Today we walked around the moat and through the grounds of the Sforza Castle and visited a great design gallery called La Triennale.
We went to see an exhibition about Aldo Coppola – an artist – an Italian hairdresser but more than that of course – an icon himself – he created fashions, hair and looks. This was a quintessential Milanese exhibition. Coppola worked together with some of the most famous faces and photographers of our time and what a time! This exhibition is extraordinary. It is in one way a photographic exhibition but in another way a book about hair and passion. Almost womb-like in its presentation with loud swelling uplifting music. It appealed to the senses. I wondered though who designed the actual exhibition, who had the images transplanted onto fabric that was then wound in two long tunnels of light and movement. Who designed and constructed the exhibition on hair design. I think that the name of the curator should be on the bill too because this was a feast.
When we emerged from the darkened and beautiful space I felt proud to be a woman. The eyes of these women were alive and vivacious.
There were other attractions in the gallery too – and many, many children. This little boy was sitting at the base of the grand marble staircase singing to himself.
The castle was built in the 15th century by Francesco Sforza, Duke of Milan. But I did not feel like braving the Sunday crowds.
So we sauntered around it instead, calling to the cats (they ignored us as we were not official cat-ladies) and swapping stories as you do. This castle is a fortress, not pretty like some other castles. From the exterior it is forbidding.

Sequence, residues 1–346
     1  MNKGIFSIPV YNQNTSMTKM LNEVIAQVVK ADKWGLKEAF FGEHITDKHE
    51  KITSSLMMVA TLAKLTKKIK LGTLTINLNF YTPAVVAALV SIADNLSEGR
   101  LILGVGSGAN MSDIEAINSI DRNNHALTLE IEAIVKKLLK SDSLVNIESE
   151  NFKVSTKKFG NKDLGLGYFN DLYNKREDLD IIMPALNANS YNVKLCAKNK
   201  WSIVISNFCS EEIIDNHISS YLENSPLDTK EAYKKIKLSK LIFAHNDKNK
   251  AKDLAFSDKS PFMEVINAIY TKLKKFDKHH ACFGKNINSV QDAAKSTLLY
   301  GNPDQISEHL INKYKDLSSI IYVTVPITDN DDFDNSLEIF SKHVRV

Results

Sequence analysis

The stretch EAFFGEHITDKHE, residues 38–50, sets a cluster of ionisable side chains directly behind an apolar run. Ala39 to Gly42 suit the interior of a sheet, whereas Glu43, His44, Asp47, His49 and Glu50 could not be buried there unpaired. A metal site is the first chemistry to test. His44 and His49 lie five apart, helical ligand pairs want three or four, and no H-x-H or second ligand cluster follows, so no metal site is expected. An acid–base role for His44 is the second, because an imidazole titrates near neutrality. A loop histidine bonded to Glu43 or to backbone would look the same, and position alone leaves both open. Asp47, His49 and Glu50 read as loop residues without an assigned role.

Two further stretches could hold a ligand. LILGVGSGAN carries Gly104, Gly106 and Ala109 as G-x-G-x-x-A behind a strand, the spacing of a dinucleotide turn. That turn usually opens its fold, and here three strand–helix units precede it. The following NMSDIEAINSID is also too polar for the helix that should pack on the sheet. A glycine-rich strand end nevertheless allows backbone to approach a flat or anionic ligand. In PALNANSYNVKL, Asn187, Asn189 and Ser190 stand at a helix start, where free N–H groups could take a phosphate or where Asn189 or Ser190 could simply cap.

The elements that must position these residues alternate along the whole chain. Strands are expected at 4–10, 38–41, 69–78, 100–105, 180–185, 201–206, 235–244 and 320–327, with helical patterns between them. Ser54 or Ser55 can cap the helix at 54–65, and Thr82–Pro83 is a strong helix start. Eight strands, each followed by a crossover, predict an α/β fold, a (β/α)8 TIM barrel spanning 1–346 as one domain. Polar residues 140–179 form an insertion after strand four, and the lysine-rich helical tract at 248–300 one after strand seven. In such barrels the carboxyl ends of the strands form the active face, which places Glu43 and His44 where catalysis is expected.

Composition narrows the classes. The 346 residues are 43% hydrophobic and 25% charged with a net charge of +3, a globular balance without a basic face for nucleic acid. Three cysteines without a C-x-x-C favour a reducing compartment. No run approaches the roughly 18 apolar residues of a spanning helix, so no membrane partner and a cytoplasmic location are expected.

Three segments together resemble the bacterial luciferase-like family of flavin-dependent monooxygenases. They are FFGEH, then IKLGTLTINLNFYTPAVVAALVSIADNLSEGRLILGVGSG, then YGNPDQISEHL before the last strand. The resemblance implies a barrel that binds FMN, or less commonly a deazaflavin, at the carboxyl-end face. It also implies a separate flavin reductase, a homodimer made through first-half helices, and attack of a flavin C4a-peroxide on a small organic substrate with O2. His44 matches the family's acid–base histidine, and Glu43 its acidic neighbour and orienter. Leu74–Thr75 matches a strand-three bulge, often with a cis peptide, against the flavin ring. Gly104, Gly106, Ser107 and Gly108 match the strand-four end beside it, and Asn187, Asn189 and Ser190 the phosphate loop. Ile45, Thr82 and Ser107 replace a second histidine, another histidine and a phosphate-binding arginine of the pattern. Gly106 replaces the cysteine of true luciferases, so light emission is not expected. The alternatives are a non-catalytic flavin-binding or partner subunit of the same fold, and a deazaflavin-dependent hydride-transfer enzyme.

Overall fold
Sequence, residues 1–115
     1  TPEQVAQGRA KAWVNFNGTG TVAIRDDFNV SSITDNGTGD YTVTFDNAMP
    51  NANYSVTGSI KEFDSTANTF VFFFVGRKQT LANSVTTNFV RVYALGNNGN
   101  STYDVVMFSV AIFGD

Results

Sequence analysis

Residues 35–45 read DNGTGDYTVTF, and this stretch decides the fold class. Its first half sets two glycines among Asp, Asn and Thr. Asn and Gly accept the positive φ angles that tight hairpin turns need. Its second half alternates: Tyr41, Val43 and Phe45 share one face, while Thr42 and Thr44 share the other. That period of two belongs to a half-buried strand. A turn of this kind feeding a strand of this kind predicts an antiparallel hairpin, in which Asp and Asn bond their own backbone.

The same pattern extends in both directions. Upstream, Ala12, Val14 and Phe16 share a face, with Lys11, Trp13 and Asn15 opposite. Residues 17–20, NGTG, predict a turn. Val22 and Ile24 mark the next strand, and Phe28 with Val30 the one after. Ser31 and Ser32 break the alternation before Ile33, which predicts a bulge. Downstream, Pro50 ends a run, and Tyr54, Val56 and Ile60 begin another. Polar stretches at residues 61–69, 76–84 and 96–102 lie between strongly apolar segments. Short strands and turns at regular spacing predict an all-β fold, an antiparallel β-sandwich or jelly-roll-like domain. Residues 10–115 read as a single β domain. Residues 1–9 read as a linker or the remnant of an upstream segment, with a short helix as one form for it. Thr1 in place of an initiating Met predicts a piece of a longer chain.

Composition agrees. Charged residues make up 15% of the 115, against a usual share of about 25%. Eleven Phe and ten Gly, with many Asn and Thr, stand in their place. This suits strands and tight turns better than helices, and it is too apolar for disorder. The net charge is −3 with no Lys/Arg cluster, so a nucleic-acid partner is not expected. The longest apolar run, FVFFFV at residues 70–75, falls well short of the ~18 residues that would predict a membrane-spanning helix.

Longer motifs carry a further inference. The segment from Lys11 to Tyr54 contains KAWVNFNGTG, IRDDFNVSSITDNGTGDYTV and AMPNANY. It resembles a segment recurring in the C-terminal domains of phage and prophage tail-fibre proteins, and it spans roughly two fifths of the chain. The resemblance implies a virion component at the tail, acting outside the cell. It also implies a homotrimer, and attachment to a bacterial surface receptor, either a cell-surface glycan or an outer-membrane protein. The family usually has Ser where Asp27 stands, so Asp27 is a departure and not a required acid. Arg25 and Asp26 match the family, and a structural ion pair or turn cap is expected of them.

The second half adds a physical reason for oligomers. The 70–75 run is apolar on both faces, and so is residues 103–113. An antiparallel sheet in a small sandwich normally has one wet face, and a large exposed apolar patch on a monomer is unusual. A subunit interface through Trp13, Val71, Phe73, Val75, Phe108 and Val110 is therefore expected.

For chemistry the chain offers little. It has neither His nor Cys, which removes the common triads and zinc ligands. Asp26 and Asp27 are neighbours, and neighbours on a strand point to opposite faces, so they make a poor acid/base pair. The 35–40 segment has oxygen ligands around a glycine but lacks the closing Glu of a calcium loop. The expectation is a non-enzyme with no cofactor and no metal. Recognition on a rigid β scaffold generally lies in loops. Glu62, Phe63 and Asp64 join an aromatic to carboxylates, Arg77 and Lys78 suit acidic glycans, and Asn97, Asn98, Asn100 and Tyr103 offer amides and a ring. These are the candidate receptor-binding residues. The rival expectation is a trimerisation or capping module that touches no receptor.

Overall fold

On the way home I watched the light fade into the windows of Milan.
Oh and compare the above apartment building with the featured image of the fortress castle (below). There are similarities.
All they both need is a bristle of bows strung with arrows showing through the holes.
This city that must be discovered. It does not wear its heart on its sleeve, you must put on its coat to smell the real scent of Milan. You have to get very, very close.
Tomorrow I will hand you over to my next two guest writers. I will wend my weary and very satisfied way home and next time we speak (if all goes well) I will be back on the farm where John and all the animals eagerly await my arrival.
Travel feeds my soul as surely as the prairies do. And I actually need both to survive.
See you soon